Fluorocarbon & Hydrocarbon Collectors

Fluorocarbon & Hydrocarbon Collectors

Quartz did not float significantly at any pH value between pH2 and pH12 when any of the anionic collectors were used. The flotation of alumina with anionic collectors is depicted in figure 1. It can be seen that SOL functions as a good collector for alumina over most of the pH range studied, the recovery of alumina falling off only at pH values below pH4 and above pH10. It is significant to note that this collector functions below, at, and above the Point of Zero Charge (PZC) of alumina. The PZC of most aluminas lie between pH7 and 9.2 and the PZC of the alumina used in this study was found to be near pH7. Of the other anionic collectors the “Zonyl” FSA and SDS functioned rather similarly, differing only at pH values below pH4. Concentration of SDS was greater than that of FSA, however. This indicates that, FSA is a somewhat stronger collector for alumina than is SDS. Collector “Zonyl” FSP, although behaving qualitatively in the manner of FSA, appeared to be a weaker collector for alumina at any particular pH value, at least as compared to this other fluorosurfactant. Again it should be kept in mind that SOL and SDS concentrations were an order of magnitude greater than the concentrations of FSP and FSA.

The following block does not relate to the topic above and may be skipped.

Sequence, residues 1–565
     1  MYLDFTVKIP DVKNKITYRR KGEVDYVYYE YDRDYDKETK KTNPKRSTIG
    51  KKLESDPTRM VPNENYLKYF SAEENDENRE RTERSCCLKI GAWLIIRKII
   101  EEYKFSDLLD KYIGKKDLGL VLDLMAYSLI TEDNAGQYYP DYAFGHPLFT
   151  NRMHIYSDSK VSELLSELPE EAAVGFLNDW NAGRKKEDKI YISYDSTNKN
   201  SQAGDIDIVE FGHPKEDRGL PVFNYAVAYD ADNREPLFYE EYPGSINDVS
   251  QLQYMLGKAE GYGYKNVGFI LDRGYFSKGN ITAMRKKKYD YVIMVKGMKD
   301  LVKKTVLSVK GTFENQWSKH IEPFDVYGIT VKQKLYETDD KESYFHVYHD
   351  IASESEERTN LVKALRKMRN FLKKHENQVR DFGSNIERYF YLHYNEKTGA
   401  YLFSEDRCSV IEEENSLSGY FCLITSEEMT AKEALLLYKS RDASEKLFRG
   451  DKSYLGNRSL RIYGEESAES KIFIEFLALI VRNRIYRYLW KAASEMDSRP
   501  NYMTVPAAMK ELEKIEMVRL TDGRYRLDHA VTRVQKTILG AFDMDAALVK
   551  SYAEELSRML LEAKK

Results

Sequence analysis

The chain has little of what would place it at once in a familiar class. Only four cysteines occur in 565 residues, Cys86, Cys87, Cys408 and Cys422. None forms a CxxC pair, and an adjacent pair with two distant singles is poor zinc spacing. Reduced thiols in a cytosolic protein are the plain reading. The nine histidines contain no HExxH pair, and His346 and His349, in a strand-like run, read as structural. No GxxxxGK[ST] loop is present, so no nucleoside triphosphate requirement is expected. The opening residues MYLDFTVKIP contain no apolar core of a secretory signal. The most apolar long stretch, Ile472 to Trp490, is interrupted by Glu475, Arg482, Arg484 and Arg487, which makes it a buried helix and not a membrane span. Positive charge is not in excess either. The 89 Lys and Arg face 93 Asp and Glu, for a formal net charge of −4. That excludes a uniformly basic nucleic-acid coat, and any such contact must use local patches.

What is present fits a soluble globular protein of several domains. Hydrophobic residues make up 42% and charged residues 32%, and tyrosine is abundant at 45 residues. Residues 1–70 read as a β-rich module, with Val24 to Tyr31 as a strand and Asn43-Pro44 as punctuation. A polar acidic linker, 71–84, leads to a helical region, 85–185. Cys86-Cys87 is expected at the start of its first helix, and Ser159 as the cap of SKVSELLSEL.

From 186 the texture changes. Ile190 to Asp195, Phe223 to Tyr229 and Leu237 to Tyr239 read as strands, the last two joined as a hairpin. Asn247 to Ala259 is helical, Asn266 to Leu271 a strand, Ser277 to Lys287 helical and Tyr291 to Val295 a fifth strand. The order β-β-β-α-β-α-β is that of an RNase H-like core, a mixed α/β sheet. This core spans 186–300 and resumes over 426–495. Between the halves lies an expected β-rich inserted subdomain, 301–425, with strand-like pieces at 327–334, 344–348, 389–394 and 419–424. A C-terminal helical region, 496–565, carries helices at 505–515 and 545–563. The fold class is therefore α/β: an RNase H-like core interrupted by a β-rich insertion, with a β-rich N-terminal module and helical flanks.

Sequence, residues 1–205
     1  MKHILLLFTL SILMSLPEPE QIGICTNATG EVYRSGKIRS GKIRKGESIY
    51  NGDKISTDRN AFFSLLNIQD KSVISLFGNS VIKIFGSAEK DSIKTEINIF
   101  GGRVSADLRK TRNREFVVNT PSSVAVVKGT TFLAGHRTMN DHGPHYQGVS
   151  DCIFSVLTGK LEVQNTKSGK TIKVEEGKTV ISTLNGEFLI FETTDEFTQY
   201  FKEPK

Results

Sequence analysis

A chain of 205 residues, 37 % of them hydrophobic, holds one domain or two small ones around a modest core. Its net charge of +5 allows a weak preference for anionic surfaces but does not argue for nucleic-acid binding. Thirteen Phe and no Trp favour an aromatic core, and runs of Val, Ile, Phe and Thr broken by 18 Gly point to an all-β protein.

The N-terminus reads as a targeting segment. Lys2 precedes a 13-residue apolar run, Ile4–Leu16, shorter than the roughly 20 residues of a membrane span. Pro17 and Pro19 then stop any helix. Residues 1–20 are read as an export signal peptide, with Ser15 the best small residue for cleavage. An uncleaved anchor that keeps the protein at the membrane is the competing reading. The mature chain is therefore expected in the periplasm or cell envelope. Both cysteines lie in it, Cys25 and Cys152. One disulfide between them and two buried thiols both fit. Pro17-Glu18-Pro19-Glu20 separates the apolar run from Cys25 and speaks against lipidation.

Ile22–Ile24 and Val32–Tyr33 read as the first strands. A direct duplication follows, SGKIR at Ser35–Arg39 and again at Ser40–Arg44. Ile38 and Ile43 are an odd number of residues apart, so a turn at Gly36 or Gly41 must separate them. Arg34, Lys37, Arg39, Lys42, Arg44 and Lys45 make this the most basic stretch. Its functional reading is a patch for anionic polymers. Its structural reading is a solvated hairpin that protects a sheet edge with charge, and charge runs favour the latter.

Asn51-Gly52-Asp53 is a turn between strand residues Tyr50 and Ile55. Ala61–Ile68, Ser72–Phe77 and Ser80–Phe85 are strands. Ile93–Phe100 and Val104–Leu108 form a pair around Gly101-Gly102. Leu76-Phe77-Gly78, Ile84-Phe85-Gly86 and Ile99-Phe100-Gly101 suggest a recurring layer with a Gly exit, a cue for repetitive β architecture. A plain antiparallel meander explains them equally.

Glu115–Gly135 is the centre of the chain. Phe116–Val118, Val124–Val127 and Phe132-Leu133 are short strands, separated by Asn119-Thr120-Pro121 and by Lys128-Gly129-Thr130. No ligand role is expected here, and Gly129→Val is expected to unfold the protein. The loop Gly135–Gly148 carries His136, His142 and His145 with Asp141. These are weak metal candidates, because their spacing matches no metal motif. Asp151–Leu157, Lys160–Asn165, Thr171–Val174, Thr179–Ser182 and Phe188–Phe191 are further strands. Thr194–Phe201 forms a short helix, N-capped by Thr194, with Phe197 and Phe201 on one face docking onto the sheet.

Both cationic collectors studied, “Zonyl” FSC and DAC, functioned as very good collectors for quartz (Figure 2) with FSC appearing to be the stronger of the two considering the slightly greater pH range of flotation, slightly greater recoveries and lesser concentration in solution.

Both cationic collectors floated alumina above the minerals’ PZC’s (Figure 3). Although DAC seemed slightly the stronger of the two for flotation of this mineral, collector concentration of this collector was ten times greater so that the result is not at all certain. Indeed the actual collecting strengths are probably nearly equal.

All amphoteric surfactants proved to be collectors for quartz and their flotation versus pH curves were roughly symmetrical (Figure 4). The collector with the widest pH region of good flotation was DPL with better than 80% recovery between pH3- and pH7+. CAP exhibited a narrower pH range of flotation in spite of the greater quantity of this surfactant present. The pH of maximum recovery using this collector was near pH5. FSB appeared to be a weaker collector for quartz than DPL exhibiting a maximum flotation recovery of about 50% near pH6. Collector concentrations for DPL and FSB were 10-5 M while collector concentration for CAP was 10-4 M.



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fluorocarbon and hydrocarbon collectors